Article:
CHARLOTTE, N.C. -- The Carolina Panthers begin offseason workouts today with two big questions:
How much can quarterback Cam Newton do as he recovers from March 30 surgery to repair a partially torn rotator cuff in his throwing shoulder?
When will offensive tackle Michael Oher be cleared from the concussion protocol?
Newton will be restricted from throwing throughout OTAs, but will be able to participate in the two weeks of strength and conditioning and physical rehabilitation that makes up Phase 1.
The 2015 NFL MVP also should be able to participate, again with the exception of throwing and anything else that might put stress on the shoulder, in Phases 2 and 3.
Phase 2 consists of three weeks of on-the-field workouts with individual player instruction and drills as well as team practice conducted without live contact or team offense versus defense drills.
Phase 3 consists of 10 organized team practice activities. No live contact is allowed, but seven-on-seven, nine-on-seven and 11-on-11 drills are permitted.
Oher, according to general manager Dave Gettleman, has been working out five days a week. He should be able to participate in each phase without having to necessarily be cleared from the protocol, where he has been since the week prior to the fourth game last season.
That doesn’t mean he won’t be cleared before then. He may very well be. But technically he doesn’t need to be cleared before a mandatory minicamp (June 13-15) that concludes the offseason program.
The final phase of a five-step process to being cleared is a return to full participation in practice. The minicamp is the first full practice of offseason workouts.
But Gettleman last month offered encouraging news that Oher ultimately will be cleared.
“He’s working his fanny off,’’ he said. “He’s doing NFL workouts. He is fully engaged in that weight room and sweating his butt off, and he looks great. He sounds great.’’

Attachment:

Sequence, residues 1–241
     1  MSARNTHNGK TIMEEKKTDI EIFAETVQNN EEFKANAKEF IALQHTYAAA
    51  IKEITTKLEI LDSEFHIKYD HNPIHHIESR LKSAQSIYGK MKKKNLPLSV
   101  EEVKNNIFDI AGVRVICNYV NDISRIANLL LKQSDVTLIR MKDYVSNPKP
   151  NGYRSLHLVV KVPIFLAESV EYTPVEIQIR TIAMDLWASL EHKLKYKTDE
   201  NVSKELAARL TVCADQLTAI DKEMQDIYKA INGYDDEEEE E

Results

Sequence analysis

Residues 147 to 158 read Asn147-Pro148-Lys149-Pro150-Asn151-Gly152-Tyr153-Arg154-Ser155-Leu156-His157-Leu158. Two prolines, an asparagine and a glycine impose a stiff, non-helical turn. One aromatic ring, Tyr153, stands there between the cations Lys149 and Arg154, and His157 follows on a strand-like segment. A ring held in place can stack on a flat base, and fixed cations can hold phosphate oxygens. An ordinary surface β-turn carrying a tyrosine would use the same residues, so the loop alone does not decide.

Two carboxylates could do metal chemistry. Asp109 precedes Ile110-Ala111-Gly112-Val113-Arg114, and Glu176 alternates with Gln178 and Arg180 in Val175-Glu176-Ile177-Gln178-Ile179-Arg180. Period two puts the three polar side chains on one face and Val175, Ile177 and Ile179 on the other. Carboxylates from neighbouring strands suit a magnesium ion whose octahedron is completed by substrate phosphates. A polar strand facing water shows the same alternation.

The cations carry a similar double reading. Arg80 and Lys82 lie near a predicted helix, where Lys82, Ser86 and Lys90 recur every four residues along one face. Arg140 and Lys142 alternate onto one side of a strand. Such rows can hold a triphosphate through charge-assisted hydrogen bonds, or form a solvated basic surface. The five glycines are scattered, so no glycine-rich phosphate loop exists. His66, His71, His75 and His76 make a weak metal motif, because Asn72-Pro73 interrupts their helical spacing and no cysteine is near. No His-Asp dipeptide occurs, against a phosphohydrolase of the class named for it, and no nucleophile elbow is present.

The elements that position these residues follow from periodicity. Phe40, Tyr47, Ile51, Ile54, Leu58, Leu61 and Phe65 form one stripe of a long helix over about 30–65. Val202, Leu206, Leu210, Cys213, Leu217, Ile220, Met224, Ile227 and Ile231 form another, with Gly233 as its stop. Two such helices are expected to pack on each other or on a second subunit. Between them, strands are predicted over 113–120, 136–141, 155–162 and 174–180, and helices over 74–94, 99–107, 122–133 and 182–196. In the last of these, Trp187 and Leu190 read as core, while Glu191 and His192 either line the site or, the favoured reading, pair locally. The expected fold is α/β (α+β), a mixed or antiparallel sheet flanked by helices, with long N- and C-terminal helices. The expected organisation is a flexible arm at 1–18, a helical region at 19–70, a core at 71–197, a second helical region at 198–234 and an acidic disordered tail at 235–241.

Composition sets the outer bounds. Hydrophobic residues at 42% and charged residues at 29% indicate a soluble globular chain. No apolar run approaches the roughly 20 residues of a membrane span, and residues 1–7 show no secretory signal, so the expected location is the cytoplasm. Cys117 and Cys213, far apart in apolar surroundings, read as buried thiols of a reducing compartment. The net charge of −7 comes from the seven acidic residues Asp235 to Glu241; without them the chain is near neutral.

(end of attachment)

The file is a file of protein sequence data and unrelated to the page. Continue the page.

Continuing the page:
The important thing for Newton is staying engaged as the Panthers evolve the offense so that he is less involved in the running game.
Coach Ron Rivera said Newton also needs to “rebuild his confidence’’ after a 6-10 2016 season that statistically was his worst in the NFL.
“It was shook,’’ Rivera said last month. “Let's be honest: I'm not going to lie about that. The young man went through a tough time and we went through a tough time.
"Why? Because of the injuries we incurred on the offensive line. That was probably the biggest thing. It just kind of shows the importance and significance of protecting your quarterback.’’
Many of the Panthers already have begun conditioning on their own.
Here’s an example from running back Jonathan Stewart:
And defensive end Mario Addison:
With that, here are three other things to keep an eye on during OTAs:
Evolution of the offense: It’ll be interesting once the Panthers get on the field to see exactly what Rivera means by evolution. We saw glimpses of it late in the season as Newton ran a more traditional offense with less read-option. That’ll mean more two-tight end and two-running back sets. The player pairings will be most interesting to watch, particularly at wide receiver with the loss of Ted Ginn Jr. Free-agent acquisitions Charles Johnson and Russell Shepard will be among those attempting to fill a big hole as the slot receiver that the Panthers hope will become a bigger part of the offense as it evolves.
Infusion of new faces: As mentioned above, Johnson and Shepard need to find how they fit into the offense, but there are other newcomers that must begin to develop chemistry with their new teammates. It starts on the offensive line, where Matt Kalil was signed to a five-year, $55.5 million deal to take over at left tackle. How well Oher adjusts moving from left back to right tackle where he played much of his career also will be key if he’s to win the starting job over Daryl Williams. Defensively, eyes will be on 37-year-old defensive end Julius Peppers and 36-year-old safety Mike Adams as they blend into an established group headed by Luke Kuechly and Thomas Davis.
Avoid major distraction: Defensive tackle Kawann Short sat out a portion of the non-mandatory workouts last season as leverage to get a long-term deal. Until he signs the franchise tag, which he is expected to do, there’s really no incentive for him to participate in OTAs. The Panthers don’t want a replay of last year when cornerback Josh Norman had the franchise tag removed soon after OTAs began because he hadn’t signed it. Short insisted after the season his situation is different and he won’t be a distraction. The best way to do that is to get a long-term deal done, but don’t look for much movement until closer to the July 15 deadline. The first step is signing the tag.